by Sean, Valerie, Brooke, Lexi L., Lexi W.
Ashanti de Silva
Ashanti was the WORLD'S FIRST gene therapy patient. She was only four years old when it happened on September 1990. She was infected with the virus ADA.
The gene therapy treatment started with the extraction of her white blood cells. THese cells were then grown in a culture. After a while the doctors would put the retroviral vector containing ADA in the culture. After white blood cells were able to do their work they were inject back into her body. Next, was the hard part... waiting.
This style of gene therapy were first tested with animals and had been a great success. Ashanti's treatment was also a success. She has no side effects to this day. Immune system works like normal now. Although she had to keep taking small doses of medicine for ADA just in case.
A deficiency that hurts the immune system and causes SCID (severe combined immunodeficiency). People with SCID lack all protection for their immune system from bacteria, fungi, and viruses. The infections are mostly caused by “opportunistic” organisms that help keep a regular healthy immune system illness free. Some infections that people with ADA can get could be severe if not deadly. The symptoms of ADA would include; pneumonia, chronic diarrhea, and widespread skin rashes. Children that are affected with this tend to grow more slowly than a healthy child.
ADA is diagnosed within the first six months of life. Without treatment, babies would be lucky to survive past two years old. In about 10-15 percent of cases onset of immune deficiency is delayed six and twenty-four months of age. It can even be delayed until adulthood. Usually later onset cases are less severe. The most they cause is primarily recurrent upper respiratory and ear infections. Over time though, adults could develop chronic lung damage, malnutrition, and other health related issues.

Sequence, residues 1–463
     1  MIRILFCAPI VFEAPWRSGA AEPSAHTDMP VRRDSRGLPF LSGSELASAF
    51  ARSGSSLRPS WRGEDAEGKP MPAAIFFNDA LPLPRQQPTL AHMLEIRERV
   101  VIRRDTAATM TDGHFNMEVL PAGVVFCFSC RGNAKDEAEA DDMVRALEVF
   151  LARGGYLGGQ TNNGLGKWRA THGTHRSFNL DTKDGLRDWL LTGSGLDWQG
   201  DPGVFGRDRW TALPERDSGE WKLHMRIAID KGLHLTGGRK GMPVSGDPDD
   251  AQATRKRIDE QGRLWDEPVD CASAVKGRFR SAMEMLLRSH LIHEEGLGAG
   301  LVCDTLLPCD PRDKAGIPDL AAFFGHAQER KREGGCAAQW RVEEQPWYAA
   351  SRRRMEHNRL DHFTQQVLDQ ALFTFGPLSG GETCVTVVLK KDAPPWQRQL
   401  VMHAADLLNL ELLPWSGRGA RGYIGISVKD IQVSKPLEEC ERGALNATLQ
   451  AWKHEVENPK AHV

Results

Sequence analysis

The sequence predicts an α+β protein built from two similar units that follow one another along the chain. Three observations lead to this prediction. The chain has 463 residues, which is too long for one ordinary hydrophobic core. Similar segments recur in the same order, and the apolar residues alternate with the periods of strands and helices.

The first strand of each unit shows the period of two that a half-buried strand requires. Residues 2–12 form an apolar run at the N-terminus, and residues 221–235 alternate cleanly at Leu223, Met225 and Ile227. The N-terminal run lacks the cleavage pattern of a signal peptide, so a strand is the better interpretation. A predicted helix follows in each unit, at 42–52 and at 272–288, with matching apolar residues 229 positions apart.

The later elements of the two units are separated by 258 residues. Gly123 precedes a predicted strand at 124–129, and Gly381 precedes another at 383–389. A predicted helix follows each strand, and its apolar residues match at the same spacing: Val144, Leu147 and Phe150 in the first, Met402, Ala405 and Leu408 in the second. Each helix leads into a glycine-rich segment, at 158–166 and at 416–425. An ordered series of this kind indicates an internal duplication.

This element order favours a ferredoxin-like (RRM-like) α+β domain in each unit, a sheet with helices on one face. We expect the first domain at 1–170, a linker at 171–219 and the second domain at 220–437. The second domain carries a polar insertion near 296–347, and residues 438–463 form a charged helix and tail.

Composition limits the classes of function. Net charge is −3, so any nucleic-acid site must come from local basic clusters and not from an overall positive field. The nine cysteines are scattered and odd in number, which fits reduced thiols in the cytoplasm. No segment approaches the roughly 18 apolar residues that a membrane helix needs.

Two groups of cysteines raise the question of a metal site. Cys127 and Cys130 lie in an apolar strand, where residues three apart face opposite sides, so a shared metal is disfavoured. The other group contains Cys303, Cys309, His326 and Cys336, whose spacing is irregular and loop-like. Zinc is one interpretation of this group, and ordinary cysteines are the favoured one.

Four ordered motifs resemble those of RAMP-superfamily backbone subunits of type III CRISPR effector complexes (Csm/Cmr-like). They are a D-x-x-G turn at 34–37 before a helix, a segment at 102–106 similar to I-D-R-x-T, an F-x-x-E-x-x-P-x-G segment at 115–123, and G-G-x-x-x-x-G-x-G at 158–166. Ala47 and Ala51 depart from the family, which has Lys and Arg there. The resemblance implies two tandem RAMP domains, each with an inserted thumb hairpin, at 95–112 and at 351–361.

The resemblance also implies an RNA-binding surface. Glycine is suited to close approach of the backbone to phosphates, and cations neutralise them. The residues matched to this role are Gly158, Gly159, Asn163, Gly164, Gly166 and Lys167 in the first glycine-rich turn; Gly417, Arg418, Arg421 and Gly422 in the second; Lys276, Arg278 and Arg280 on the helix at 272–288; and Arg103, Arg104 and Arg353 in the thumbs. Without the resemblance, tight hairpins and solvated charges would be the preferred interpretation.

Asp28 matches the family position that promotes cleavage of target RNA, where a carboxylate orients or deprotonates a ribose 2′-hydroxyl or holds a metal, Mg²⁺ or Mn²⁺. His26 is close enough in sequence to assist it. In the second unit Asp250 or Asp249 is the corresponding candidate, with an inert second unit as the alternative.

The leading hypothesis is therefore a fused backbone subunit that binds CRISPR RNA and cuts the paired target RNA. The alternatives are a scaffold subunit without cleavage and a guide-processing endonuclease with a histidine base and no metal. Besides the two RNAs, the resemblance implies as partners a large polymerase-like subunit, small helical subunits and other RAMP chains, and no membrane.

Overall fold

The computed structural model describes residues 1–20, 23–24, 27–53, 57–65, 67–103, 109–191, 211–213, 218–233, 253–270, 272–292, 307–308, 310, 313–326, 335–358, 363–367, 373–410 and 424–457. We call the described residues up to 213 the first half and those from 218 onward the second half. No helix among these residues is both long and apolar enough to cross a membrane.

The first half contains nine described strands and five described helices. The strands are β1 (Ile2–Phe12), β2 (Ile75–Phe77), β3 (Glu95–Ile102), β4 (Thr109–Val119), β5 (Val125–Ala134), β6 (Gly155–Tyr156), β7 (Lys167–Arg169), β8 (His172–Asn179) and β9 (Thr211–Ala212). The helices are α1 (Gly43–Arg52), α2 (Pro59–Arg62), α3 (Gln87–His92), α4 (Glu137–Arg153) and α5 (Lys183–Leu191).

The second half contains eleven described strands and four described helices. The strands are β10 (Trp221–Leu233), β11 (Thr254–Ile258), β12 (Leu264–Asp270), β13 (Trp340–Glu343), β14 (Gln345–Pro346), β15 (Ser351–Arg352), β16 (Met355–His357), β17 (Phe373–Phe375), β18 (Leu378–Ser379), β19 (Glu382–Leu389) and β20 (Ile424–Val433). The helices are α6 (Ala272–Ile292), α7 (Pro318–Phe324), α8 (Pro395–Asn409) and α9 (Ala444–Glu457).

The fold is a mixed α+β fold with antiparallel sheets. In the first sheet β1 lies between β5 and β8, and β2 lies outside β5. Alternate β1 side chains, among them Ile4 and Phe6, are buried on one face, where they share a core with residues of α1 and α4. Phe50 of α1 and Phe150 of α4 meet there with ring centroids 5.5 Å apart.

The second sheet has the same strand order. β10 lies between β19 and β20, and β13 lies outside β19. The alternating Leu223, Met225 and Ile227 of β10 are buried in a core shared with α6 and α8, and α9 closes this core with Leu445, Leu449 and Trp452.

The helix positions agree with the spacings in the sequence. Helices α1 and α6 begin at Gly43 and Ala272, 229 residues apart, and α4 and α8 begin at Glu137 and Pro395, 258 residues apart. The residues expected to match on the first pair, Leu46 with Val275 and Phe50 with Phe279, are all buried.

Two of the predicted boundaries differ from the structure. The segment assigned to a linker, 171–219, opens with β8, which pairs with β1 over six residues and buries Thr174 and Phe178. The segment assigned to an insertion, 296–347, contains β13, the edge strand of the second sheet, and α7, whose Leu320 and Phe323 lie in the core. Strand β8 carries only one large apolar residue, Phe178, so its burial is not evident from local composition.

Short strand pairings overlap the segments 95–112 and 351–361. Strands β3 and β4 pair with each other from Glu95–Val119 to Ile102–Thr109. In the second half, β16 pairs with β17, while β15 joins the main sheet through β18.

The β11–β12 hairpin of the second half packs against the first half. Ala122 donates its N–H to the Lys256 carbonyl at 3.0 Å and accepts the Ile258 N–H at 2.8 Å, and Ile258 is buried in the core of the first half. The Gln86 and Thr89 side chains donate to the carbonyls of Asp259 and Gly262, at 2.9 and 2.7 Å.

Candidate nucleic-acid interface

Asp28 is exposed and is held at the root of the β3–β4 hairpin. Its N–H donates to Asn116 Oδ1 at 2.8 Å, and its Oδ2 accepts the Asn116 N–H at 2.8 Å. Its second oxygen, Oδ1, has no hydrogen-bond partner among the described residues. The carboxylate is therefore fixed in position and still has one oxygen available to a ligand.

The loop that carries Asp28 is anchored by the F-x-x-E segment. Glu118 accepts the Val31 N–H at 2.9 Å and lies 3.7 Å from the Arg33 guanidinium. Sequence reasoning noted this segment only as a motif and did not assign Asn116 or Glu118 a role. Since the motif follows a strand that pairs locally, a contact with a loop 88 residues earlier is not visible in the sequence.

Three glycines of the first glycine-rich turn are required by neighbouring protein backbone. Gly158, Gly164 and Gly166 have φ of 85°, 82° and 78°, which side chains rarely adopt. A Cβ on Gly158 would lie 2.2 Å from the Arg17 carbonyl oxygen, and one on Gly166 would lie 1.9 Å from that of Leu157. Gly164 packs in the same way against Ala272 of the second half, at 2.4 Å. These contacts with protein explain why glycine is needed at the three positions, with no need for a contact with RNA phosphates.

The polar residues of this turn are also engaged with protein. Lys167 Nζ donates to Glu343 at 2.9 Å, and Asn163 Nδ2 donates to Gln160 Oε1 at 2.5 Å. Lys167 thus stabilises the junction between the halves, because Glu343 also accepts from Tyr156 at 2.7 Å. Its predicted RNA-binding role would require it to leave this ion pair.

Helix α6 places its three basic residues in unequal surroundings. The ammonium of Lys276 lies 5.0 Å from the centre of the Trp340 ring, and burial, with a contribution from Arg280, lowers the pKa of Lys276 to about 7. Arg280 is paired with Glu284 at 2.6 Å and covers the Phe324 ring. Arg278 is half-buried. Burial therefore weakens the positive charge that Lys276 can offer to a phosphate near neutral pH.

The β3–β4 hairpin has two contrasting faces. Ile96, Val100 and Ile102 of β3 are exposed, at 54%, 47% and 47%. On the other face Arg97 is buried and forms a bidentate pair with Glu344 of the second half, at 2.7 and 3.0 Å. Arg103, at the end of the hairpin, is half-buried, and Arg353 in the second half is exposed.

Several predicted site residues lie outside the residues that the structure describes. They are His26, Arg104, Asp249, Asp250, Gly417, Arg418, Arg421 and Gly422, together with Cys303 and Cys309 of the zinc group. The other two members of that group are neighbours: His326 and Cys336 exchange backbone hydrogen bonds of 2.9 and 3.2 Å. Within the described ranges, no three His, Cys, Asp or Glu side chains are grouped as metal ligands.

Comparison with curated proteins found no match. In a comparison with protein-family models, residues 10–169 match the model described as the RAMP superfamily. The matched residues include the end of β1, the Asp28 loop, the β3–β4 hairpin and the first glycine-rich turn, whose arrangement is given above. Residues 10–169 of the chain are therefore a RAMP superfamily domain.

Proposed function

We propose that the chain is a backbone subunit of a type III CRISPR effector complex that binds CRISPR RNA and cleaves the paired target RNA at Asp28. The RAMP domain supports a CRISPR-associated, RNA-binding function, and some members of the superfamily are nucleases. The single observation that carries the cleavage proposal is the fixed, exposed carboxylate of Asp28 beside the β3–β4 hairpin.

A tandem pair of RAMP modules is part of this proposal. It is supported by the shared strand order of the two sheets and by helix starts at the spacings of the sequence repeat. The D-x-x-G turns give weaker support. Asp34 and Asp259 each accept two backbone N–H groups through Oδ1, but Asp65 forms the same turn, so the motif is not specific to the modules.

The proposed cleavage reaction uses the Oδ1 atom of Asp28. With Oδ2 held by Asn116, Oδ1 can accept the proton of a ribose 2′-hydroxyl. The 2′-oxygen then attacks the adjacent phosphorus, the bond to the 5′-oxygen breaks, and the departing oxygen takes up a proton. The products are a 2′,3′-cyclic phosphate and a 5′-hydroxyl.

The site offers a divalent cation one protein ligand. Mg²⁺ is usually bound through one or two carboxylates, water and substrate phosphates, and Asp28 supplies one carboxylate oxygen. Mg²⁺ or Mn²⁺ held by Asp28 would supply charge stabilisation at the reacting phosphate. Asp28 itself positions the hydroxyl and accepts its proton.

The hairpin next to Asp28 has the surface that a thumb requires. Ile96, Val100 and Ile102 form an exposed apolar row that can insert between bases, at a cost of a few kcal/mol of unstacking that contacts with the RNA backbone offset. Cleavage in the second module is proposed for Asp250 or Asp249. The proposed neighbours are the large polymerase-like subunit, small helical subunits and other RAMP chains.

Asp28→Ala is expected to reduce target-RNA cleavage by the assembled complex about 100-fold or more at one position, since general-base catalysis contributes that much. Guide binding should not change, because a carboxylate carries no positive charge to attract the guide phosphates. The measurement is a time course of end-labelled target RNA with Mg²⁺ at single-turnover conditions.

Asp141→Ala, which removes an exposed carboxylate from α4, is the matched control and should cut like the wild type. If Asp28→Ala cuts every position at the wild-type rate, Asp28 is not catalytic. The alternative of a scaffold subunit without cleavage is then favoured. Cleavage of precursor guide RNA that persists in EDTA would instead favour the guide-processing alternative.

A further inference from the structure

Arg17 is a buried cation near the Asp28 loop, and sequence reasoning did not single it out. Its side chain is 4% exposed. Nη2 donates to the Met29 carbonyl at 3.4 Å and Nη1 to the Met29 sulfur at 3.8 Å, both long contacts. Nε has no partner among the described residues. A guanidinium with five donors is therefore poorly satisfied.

How common is ADA?
It’s very rare to get. It’s estimated that only 1 in 200,000 to 1,000,000 people get it.
This was the world's first gene therapy and it had been a success. Since it had been a success when would that mean that it will be released into the public? Or will it just be continued on certain people until they think it is safe?
This affects the community because now others with this disease have the opportunity to possibly be cured. It is a big step in genetics like any first gene treatment was. Ashanti stood as a role model for others and they now have a little hope for a better life.